‘Perhaps it was something like an embassy complex, but when we combine previous research with our latest findings, it suggests something more heavy-handed, like occupation or surveillance.
‘At the very least, it shows an attempt to implant part of a foreign city plan on Tikal.’
Temple IV in Tikal, which has become one of the best understood and most thoroughly studied archaeological sites in the world
Houston said that excavations following the lidar work, led by Román Ramírez, confirmed that some buildings were constructed with mud plaster rather than the traditional Maya limestone.
The structures were designed to be smaller replicas of the buildings that make up Teotihuacan’s citadel, down to the intricate cornices and terraces and the specific 15.5-degree east-of-north orientation of the complex’s platforms.
‘It almost suggests that local builders were told to use an entirely non-local building technology while constructing this sprawling new building complex,’ Houston said.
‘We’ve rarely seen evidence of anything but two-way interaction between the two civilisations, but here, we seem to be looking at foreigners who are moving aggressively into the area.’
Stephen Houston, a professor of anthropology at Brown University, and Thomas Garrison, an assistant professor of geography at the University of Texas at Austin, made the startling discovery
At an adjacent, newly uncovered complex of residential buildings, archaeologists found projectile points crafted with flint, a material commonly used by the Maya, and green obsidian, a material used by residents of Teotihuacan — providing seeming evidence of conflict.
And near the replica citadel, archaeologists also recovered the remains of a body surrounded by carefully placed vessels, ceramic fragments, animal bones and projectile points.
The site was dotted with charcoal, suggesting it had been set ablaze.
Houston said the scene bears little resemblance to other burials or sacrifices at Tikal but is strikingly similar to the remains of warriors found years ago in Teotihuacan’s centre.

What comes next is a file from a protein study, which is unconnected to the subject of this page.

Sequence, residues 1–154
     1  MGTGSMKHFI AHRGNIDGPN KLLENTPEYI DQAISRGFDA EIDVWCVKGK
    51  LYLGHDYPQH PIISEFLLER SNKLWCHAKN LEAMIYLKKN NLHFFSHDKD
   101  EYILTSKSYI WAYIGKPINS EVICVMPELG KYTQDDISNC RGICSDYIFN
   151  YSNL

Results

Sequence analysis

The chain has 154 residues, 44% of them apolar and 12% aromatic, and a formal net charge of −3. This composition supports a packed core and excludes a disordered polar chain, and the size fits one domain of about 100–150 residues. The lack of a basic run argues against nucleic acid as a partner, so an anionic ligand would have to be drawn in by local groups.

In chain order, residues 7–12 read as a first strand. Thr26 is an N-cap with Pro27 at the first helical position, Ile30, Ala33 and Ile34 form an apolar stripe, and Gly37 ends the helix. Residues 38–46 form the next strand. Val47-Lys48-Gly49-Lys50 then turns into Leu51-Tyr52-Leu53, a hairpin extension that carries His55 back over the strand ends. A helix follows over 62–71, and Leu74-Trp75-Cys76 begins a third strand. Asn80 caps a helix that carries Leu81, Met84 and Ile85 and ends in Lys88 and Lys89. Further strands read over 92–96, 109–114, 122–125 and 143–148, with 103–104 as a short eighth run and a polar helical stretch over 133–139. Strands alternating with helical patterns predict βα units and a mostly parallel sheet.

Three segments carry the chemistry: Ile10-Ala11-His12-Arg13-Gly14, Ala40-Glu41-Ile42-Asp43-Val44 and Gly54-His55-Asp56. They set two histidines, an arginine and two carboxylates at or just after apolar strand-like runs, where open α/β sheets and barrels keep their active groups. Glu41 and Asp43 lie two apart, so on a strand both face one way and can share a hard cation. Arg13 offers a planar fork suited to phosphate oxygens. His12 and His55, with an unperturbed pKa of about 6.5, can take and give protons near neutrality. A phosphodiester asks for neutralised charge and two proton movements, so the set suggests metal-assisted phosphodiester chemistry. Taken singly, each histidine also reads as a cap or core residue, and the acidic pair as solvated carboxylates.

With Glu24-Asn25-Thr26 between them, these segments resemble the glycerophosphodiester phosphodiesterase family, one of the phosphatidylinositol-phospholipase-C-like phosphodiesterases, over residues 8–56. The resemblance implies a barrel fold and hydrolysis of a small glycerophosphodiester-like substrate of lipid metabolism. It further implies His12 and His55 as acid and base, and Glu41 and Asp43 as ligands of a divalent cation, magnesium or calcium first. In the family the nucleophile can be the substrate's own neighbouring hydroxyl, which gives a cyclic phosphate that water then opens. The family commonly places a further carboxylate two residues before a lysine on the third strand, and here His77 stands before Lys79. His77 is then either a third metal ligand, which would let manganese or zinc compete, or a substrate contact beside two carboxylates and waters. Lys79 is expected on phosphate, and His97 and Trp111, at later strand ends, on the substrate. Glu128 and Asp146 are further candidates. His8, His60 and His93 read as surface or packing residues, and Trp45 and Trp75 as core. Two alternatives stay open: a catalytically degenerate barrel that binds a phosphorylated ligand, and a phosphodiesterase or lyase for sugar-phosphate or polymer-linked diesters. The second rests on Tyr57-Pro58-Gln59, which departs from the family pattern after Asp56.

‘Excavations in the middle of the citadel at Teotihuacan have found the burials of many individuals dressed as warriors, and they appear to have been sacrificed and placed in mass graves,’ Houston said.
The area of natural hills is a short walk away from Tikal’s centre, and was actually a neighbourhood of ruined buildings rather than a natural area
‘We have possibly found a vestige of one of those burials at Tikal itself.’
The more they find out, Houston said, the more he hopes they understand about Teotihuacan’s presence in Tikal — and, more broadly, how its imperial power changed the diverse cultural and political landscape in Mesoamerica.
‘At this time, people are quite interested in the process of colonisation and its aftermath, and in how our views of the world are informed or distorted by the expansion of economic and political systems around the globe,’ Houston said.
‘Before European colonisation of the Americas, there were empires and kingdoms of disproportionate influence and strength interacting with smaller civilisations in a way that left a large impact.
Exploring Teotihuacan’s influence on Mesoamerica could be a way to explore the beginnings of colonialism and its oppressions and local collusions.’
The findings have been published in the journal Antiquity.
THE MAYA: A POPULATION NOTED FOR ITS WRITTEN LANGUAGE, AGRICULTURAL AND CALENDARS
The Maya civilisation thrived in Central America for nearly 3,000 years, reaching its height between AD 250 to 900.
Noted for the only fully developed written language of the pre-Columbian Americas, the Mayas also had highly advanced art and architecture as well as mathematical and astronomical systems.
During that time, the ancient people built incredible cities using advanced machinery and gained an understanding of astronomy, as well as developing advanced agricultural methods and accurate calendars.
The Maya believed the cosmos shaped their everyday lives and they used astrological cycles to tell when to plant crops and set their calendars.
This has led to theories that the Maya may have chosen to locate their cities in line with the stars.
It is already known that the pyramid at Chichen Itza was built according to the sun’s location during the spring and autumn equinoxes.
When the sun sets on these two days, the pyramid casts a shadow on itself that aligns with a carving of the head of the Mayan serpent god.
The shadow makes the serpent’s body so that as the sun sets, the terrifying god appears to slide towards the earth.
Maya influence can be detected from Honduras, Guatemala, and western El Salvador to as far away as central Mexico, more than 1,000km from the Maya area.
The Maya peoples never disappeared. Today their descendants form sizable populations throughout the Maya area.
They maintain a distinctive set of traditions and beliefs that are the result of the merger of pre-Columbian and post-Conquest ideas and cultures.